2 addon-portainer portainer
2 addon-traefik traefik
0 Additional configuration
1 high-availability High Availability
1 configuring-services Configuring services
1 clustering Multi-node cluster
1 ports#heading–auth Authentication and authorization
1 external-lma Adding an LMA stack
1 multi-user Multi-user setup
1 change-cidr Changing the pod CIDR
1 add-a-windows-worker-node-to-microk8s Adding Windows workers
0 Images and registries
1 registry-images Using local images
1 registry-public Using a public registry
1 registry-built-in Using the built-in registry
1 registry-private Using a private registry
0 Troubleshooting
1 troubleshooting How to diagnose problems
1 troubleshooting#heading–inspect Using microk8s.inspect
1 troubleshooting#heading–common-issues Common issues
1 troubleshooting#heading–report-bug Reporting a bug
0 Reference
1 release-notes Release notes
1 command-reference Command reference
1 services-and-ports Services and ports used
1 working-with-kubectl Working with kubectl
1 get-in-touch Get in touch
1 docs/docs Contributing to docs


Mapping table
Path Location
1 Like

Hello - I would recommend updating the docs to indicate that installing operator lifecycle manager requires the rbac add-on. Without the rbac addon the OLM CSV never succeeds.

Hey guys. Who/which forum can I ask the following question.

Would it be appropriate to use mircoK8s for a production standalone server ?


Hi @intyig20,

Yes, MicroK8s is perfectly fine for a production server.

You can post questions on this forum and tag them with MicroK8s so we get notified.



I’m new to microk8s and kubernetes, I started to read the doc yesterday and I may have spotted a problem :
In the fifth step (deploy an app), the command : microk8s kubectl create deployment return an error (Error: required flag(s) “image” not set).
I didn’t understand the error at first, but after going through other docs I came to understand that it’s incomplete, we should have something like this : microk8s kubectl create deployment nginx --image=nginx

Maybe the doc could be updated with a compete deployment command with a demo app or something, as it could be difficult to overcome for absolute beginners.


I have seen this statement in the blog as well :

What is MicroK8s?

MicroK8s is a powerful, lightweight, reliable production-ready Kubernetes distribution.

And in the home of

High availability K8s New

Low-ops, minimal production Kubernetes,
for devs, cloud, clusters, workstations, Edge and IoT.

but it’s not in the headline of this category:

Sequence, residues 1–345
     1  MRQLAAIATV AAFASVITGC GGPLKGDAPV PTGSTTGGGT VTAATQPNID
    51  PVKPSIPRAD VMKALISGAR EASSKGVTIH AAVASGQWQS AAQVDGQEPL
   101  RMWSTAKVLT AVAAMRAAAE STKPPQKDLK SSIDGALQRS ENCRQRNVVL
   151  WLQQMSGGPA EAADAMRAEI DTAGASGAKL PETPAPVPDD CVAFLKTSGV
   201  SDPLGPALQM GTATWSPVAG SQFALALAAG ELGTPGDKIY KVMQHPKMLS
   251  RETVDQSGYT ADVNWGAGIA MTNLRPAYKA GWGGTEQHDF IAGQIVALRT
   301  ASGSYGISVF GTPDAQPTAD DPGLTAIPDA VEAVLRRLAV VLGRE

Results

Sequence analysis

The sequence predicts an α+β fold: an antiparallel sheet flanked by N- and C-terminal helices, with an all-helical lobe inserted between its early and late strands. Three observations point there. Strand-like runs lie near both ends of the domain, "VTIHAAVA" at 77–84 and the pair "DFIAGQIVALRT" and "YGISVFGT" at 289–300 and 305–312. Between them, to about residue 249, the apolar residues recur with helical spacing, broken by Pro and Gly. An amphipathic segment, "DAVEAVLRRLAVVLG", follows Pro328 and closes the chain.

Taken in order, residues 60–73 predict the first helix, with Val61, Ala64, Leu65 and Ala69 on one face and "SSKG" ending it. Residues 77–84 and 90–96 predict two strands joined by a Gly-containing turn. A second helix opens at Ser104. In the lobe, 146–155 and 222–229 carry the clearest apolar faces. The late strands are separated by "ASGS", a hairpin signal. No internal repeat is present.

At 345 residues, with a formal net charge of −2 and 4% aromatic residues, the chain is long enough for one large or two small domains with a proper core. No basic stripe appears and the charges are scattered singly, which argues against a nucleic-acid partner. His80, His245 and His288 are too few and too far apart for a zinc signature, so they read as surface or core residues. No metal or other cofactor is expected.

Is there a reason that the official docs keeps a low-profile if it’s in fact considered production ready?

Can we put a note on here about the limitations of storage. The add-on only works with a single node. Not clusters, at least not very well once you get into more complex stuff.

please add a completely working example of how to use microk8s in production
now I run this commands in a new server before begin deploy apps
sudo snap install microk8s --classic
microk8s enable dashboard dns registry ingress metrics-server storage
microk8s kubectl create namespace cert-manager
microk8s kubectl apply -f
microk8s kubectl apply -f
microk8s kubectl apply --validate=false -f
microk8s kubectl get pods --namespace cert-manager

Thanks for your use case. We may be doing some work to tidy up ‘default’ add-ons which will be automatically added which will make it easier to manage deploys. Beyond that, MicroK8s remains adaptable to the user’s needs, so there isn’t a set way to create a production deployment, although I take your point that we could add examples.

Hi, I am new to kubernets and Microk8s. I created an VM in ubuntu(18.0) and installed microk8s. I using add-ons called metallb also enabled the metallb add-on. the kubeconfig yaml file is getting created, but the problem the server address is my NAT address, its not allocating the mentioned ip address for the load-balancer. so its not accessible external address. Any help why this is happening. ?.

thank you

when you say

can you add any details - is this Virtual Box, LXD? What is the host OS?

Hi, its the virtual box. and the os is linux. I also face other error. the connection to the server localhost:8080 was refused - did you specify the right host or port?. When I searched on this error its mentioned kubectl file would not have been present . so I tried to run the following command.

mkdir -p $HOME/.kube
sudo cp -i /etc/kubernetes/admin.conf $HOME/.kube/config
but admin.conf file is not present. Not sure how to get it

In VirtualBox, did you set the Network to Bridged Networking?

If you are running in Linux, it is probably easier to follow the LXD install instructions - will run faster and use fewer resources